(b) California is home to a large immigrant population that is estimated to include over 2 million undocumented immigrants. Undocumented immigrants who are residents of California have the ability to obtain a California driver’s license and therefore participate in a statewide organ and tissue donation program facilitated by the Department of Motor Vehicles. Since undocumented immigrants have been able to obtain a California driver’s license, the organ and tissue registry has benefited from a dramatic increase in participation of new registered donors. Many undocumented immigrants, however, cannot benefit from receiving a donated organ or tissue transplant because they do not have health insurance or benefits to assist in paying the costs of the necessary medical procedures.
(c) All Californians, including those who cannot afford an organ or tissue transplant, should have an equitable ability to benefit from a statewide organ and tissue registry supported by the state.
SEC. 2.Section 7161 is added to the Health and Safety Code, to read:
7161.

(a)There is in the State Treasury the Organ Transplant Equity Fund for the purpose of accepting moneys to support the program established pursuant to this section. Private donations may be deposited into the Organ Transplant Equity Fund.

(b)The State Department of Public Health shall establish a program to reimburse hospitals for the costs of performing organ and tissue transplants for individuals who do not have health insurance or a government provided health care benefit, including Medi-Cal or Medicare.

(c)(1)On or before January 1, 2021, the State Department of Public Health shall report to the committees of the California State Senate and Assembly with jurisdiction over health care issues on the outcomes of the program established pursuant to this section.

(2)The report required pursuant to subdivision (a) shall be submitted in compliance with Section 9795 of the Government Code.

SEC. 3.

(a)The sum of ten million dollars ($10,000,000) is hereby appropriated from the General Fund to the State Department of Public Health for the purpose of funding the program established in Section 7161 of the Health and Safety Code.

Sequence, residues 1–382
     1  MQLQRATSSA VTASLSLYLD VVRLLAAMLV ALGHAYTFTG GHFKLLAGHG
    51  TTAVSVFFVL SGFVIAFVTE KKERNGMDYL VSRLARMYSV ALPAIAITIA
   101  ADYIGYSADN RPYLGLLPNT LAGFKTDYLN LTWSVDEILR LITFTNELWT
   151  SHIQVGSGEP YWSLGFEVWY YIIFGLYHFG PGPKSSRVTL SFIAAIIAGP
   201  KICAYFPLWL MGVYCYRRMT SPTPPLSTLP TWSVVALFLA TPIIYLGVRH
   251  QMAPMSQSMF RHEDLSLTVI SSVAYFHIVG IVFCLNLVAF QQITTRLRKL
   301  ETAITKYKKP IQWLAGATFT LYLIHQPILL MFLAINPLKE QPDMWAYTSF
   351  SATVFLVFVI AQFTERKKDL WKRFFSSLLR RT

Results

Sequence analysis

(b)The Controller shall transfer the ten million dollars ($10,000,000) appropriated pursuant to subdivision (a) to the Organ Transplant Equity Fund, established pursuant to Section 7161 of the Health and Safety Code.

SEC. 2.

 Section 7161 is added to the Health and Safety Code, to read:

7161.
 (a) The State Department of Public Health shall convene a working group to evaluate ways to provide organ transplants to uninsured or undocumented residents of the state who are ineligible for organ transplants due to financial hardship.
(b) The working group shall submit its findings and recommendations in a report to the Legislature on or before January 1, 2020. The report shall be submitted in compliance with Section 9795 of the Government Code.
(c) The working group shall include representatives of all of the following entities:
(1) A community-based immigrant rights organization that works directly with uninsured immigrant populations.
(2) A community-based health organization that works directly with disadvantaged communities and patients.
(3) The state-authorized nonprofit organization responsible for managing the organ, eye, and tissue donor registry of the state.
(4) A relevant hospital association.
(5) A relevant medical association.
(d) In carrying out its duties, the working group shall evaluate relevant data, including, but not limited to, the following:
(1) The number of patients waiting for organ transplants.
(2) The number of available organ donors.
(3) The number of organ donors who are undocumented residents of the state.
(4) The number of hospitals performing organ transplants and the type of transplants performed by those hospitals.
(5) The percentage of organ transplant recipients who are medically insured.
(6) The percentage of organ transplant recipients who receive transplants funded by Medi-Cal.
(7) The average length of time patients wait to receive organ transplants.
(8) Factors used to determine eligibility for organ transplants.
(9) Referral rates of patients to organ transplant centers.
(10) The number of patients accepted by organ transplant centers.
(11) The cost of recovering, processing, and distributing donated organs.
(12) The cost of organ transplant procedures.
(13) The financial impact of an organ donation to the organ donor and his or her family.
(14) The survival rates of patients who receive organ transplants.
(15) Hospital compliance with Section 7184.
(e) This Section shall remain in effect only until January 1, 2020, and as of that date is repealed.